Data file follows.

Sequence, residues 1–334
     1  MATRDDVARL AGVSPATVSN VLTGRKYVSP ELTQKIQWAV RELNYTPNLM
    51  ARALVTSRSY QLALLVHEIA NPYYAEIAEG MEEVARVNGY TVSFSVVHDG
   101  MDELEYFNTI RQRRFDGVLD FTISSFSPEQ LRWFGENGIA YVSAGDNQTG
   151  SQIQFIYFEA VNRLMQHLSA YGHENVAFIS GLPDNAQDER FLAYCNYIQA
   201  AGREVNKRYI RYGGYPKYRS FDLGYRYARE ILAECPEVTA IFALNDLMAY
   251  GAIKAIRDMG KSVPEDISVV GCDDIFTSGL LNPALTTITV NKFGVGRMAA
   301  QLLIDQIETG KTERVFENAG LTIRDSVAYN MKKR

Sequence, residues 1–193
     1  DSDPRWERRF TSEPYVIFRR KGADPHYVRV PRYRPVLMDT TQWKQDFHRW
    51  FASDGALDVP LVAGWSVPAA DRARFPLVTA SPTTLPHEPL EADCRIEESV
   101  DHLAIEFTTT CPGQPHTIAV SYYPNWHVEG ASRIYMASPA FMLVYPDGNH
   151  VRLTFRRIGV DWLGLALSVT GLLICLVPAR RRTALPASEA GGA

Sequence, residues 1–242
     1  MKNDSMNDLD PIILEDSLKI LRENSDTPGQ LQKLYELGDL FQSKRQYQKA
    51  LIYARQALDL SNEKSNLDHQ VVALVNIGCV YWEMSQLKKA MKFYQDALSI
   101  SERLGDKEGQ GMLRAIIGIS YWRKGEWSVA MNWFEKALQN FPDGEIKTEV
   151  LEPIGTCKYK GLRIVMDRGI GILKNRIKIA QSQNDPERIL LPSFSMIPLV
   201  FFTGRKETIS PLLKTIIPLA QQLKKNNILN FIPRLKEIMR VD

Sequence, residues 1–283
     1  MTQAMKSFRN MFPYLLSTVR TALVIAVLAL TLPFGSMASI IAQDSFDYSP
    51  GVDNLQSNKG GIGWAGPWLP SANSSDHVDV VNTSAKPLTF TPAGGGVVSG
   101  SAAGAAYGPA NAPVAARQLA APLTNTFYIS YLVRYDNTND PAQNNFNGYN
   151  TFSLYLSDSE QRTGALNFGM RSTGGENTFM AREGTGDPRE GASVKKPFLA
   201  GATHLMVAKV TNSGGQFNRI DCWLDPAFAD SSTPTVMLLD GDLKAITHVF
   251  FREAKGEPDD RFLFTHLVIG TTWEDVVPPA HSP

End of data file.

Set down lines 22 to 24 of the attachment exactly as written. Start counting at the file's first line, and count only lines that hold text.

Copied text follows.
    51  GVDNLQSNKG GIGWAGPWLP SANSSDHVDV VNTSAKPLTF TPAGGGVVSG
   101  SAAGAAYGPA NAPVAARQLA APLTNTFYIS YLVRYDNTND PAQNNFNGYN
   151  TFSLYLSDSE QRTGALNFGM RSTGGENTFM AREGTGDPRE GASVKKPFLA